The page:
4 May

Recently, my daughter said she wanted to make pasta with me… I thought we’d be in for a quick batch of home-made spaghetti or linguini, but she was adamant that we should make “the little pillows with the stuff inside them”. So we made ravioli, and took some photos. This is the result.

This recipe serves 4.



3 cups unbleached white flour
½ teaspoon salt
2 eggs
½ cup warm water

 Sift flour and salt together. Place flour mixture on a board or in a large bowl, making a well in the centre of the flour.
Drop eggs into the well, break the yolks and beat eggs slightly

Combine the eggs and flour together, gradually adding enough warm water to make a stiff dough.
Knead dough well, until smooth; cover the dough and let it rest for 15 minutes

Cut dough in half and roll each half of the dough out on a floured board.


Use a pasta machine or a rolling pin to roll the dough into a thin sheet (ideally 1-2mm thick). If using a pasta machine, start on the lowest (widest) setting, feeding the sheet through the machine again, raising the setting (thinner) by 1 each time. The second highest setting (second thinnest) usually gives the right final thickness.


Lay one sheet out on a floured surface. Place pinches of filling (see below for possible fillings) on the bottom sheet, about 3.5-4cm apart. Each ‘pinch’ of filling will be about 1 to 1.5 teaspoons. The bigger the ‘pinch’, the further apart pinches should be. I usually put 3 pinches across the width of a sheet (see picture), which will also give you a sense of how far apart they should be along the length of the sheet. This will produce the smaller ravioli that I grew up with. Many restaurants, at least in Australia, serve large to massive ravioli, getting only 1 or 2 ravioli to the width of a sheet of pasta.


Lay another sheet of pasta over the top of the sheet and pinches of filling. Press the top and bottom pasta sheets together, around the pinches and to the edges of the sheets, pressing out most of the air and sealing the edges of the ravioli. You don’t need to be too energetic about this, you don’t have to vacuum seal the ravioli, or form-fit the pasta to the fillings.


Cut the ravioli using a serrated (zig-zag) edge pastry-cutter. If you don’t have one (though they are cheap and easy to find), you can use a sharp knife. The zig-zag edge, while not absolute necessary, does help the edges of the ravioli to seal better. This will produce the traditional square ravioli. You can also use a pastry stamp with serrated edges to make round ravioli (you’ll get more excess pasta this way, but you can ball that up and roll it out again to make more).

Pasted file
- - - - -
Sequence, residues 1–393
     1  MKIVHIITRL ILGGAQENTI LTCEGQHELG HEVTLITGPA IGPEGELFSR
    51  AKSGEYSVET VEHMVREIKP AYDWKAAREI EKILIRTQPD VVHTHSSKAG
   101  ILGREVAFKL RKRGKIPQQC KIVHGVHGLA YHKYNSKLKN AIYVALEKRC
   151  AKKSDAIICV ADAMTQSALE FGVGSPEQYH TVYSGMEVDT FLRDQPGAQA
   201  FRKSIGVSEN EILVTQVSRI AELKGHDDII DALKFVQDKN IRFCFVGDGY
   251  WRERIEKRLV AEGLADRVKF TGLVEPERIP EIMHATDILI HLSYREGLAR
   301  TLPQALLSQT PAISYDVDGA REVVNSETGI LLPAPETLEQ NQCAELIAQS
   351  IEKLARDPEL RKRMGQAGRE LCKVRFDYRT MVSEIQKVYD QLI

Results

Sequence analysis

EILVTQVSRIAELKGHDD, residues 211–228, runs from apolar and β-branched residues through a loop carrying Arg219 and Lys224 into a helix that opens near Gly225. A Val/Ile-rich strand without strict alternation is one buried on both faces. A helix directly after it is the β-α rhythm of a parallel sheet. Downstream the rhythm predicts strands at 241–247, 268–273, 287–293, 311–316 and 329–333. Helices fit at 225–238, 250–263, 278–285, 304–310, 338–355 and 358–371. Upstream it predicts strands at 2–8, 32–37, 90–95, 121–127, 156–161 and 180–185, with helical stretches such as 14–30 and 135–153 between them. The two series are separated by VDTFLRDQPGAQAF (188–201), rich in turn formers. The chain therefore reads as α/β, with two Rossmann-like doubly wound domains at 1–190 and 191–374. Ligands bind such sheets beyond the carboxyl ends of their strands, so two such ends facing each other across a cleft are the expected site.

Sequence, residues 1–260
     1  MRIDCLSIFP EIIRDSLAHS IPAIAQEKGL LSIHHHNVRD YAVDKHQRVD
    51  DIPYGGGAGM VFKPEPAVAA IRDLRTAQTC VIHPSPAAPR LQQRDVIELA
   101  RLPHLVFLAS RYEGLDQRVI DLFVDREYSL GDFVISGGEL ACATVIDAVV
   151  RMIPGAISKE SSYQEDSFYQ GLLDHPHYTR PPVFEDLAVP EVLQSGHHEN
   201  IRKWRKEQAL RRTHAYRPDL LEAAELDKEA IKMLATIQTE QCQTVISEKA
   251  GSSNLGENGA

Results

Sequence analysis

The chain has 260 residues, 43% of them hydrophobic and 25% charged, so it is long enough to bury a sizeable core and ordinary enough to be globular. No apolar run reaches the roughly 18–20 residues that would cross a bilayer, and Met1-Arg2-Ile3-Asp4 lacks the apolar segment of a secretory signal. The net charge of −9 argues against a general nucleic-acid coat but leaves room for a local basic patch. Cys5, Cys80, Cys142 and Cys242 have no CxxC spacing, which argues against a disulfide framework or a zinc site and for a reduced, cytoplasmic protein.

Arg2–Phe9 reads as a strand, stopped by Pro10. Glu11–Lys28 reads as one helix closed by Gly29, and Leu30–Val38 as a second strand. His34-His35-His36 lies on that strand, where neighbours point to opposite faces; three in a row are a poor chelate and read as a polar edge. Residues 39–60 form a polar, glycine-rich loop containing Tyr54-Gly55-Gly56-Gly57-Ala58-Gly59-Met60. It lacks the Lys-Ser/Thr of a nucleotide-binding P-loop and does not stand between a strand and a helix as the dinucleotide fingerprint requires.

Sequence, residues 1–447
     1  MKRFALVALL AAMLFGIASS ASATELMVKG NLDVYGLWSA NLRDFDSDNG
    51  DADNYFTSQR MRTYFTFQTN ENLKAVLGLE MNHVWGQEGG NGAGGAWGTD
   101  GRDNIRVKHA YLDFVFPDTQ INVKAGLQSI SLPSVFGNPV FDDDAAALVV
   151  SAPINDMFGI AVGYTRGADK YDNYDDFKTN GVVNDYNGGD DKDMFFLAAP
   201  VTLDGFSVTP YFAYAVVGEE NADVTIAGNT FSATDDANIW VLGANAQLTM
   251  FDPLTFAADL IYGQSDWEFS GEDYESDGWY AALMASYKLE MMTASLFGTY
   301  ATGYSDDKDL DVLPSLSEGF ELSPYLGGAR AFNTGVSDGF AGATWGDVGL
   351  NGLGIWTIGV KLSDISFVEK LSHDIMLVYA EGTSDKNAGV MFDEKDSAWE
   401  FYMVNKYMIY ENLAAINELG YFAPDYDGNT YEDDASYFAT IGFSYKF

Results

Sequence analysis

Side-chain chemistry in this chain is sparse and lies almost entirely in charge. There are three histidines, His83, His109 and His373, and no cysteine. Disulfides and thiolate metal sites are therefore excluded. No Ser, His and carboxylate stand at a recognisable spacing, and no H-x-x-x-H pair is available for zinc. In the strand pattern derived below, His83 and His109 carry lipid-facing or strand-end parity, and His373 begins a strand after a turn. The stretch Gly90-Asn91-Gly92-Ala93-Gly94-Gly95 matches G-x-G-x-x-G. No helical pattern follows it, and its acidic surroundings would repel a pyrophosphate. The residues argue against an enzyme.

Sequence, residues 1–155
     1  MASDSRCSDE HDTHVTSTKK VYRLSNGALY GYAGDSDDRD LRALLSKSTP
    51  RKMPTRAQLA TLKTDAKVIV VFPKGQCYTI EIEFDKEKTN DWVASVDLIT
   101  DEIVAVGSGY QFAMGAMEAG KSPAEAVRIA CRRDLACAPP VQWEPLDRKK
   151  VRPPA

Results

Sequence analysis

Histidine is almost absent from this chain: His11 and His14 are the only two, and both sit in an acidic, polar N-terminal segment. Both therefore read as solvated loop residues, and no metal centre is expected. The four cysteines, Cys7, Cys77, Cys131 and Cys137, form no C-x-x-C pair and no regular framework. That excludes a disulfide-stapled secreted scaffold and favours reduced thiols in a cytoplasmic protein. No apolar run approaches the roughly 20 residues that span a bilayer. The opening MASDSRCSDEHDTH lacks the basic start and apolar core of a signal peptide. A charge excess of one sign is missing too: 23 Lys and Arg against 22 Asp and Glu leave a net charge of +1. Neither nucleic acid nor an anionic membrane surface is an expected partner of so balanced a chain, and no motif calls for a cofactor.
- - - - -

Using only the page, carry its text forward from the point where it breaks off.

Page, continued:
While you can use a ravioli tray, I’ve found that these never produce quite as good a finished raviolo (perhaps they trap too much air inside). On the day we made this, I used a pastry-cutter I’d inherited from my mum and which I remember from almost forty years ago. The wood had deteriorated, and I probably got a bit gung-ho. Now I need a new one:


Cook these in plenty of boiling lightly salted water for 3-4 minutes. Drain (either in a colander or by removing with a slotted spoon), dress and serve.



We had a bit of pasta left over after making the ravioli, so I quickly put the cutting attachment on the pasta machine and made a handful of tagliatelle (aka fettucine) and dried them out to cook for lunch later in the week.



Growing up, our ravioli always had one of two fillings, spinach (actually silverbeet) and ricotta, or meat and ricotta. There are many other traditional variations (pumpkin, three cheeses, mushroom and truffle…), and innumerable contemporary variations.

Here are my versions of the two I grew up with.

1. Spinach and Ricotta

450g ricotta cheese (drained)
150g spinach, stemmed, cooked, drained (squeezed) and chopped
2 eggs
¼ cup freshly grated romano cheese
1 tablespoon toasted pine nuts
1/3 teaspoon cinnamon
¼ teaspoon nutmeg
salt and pepper to taste

Mix all ingredients together thoroughly.

DSC04827 DSC04831DSC04834

2. Meat and Ricotta

125g lean ground beef
125g ground pork
1 tablespoon oil
1 clove garlic (whole)
125g ricotta
1 tablespoon chopped italian flat leaf parsley
2 eggs
2 tablespoons freshly grated romano/parmesan cheese
¼ teaspoon nutmeg

Brown meats in oil with whole clove of garlic. Let cool and remove garlic.
Mix cooled browned meats with all other ingredients.


To me, an elaborate rich sauce defeats the purpose of the ravioli, which are full of flavour in themselves. I prefer a simple light red sauce (just tomatoes, garlic and fresh basil, or with a small amount of ground meat), or simply olive oil (or butter if you prefer) and herbs, and then grated parmesan/romano on top to taste.



2 Responses to “Ravioli”

  1. queenmartine May 5, 2013 at 12:40 am #

    superb Rob!

  2. Justin Di Lollo May 5, 2013 at 2:56 am #

    Yum! Sam’s welcome to cook for me any time!

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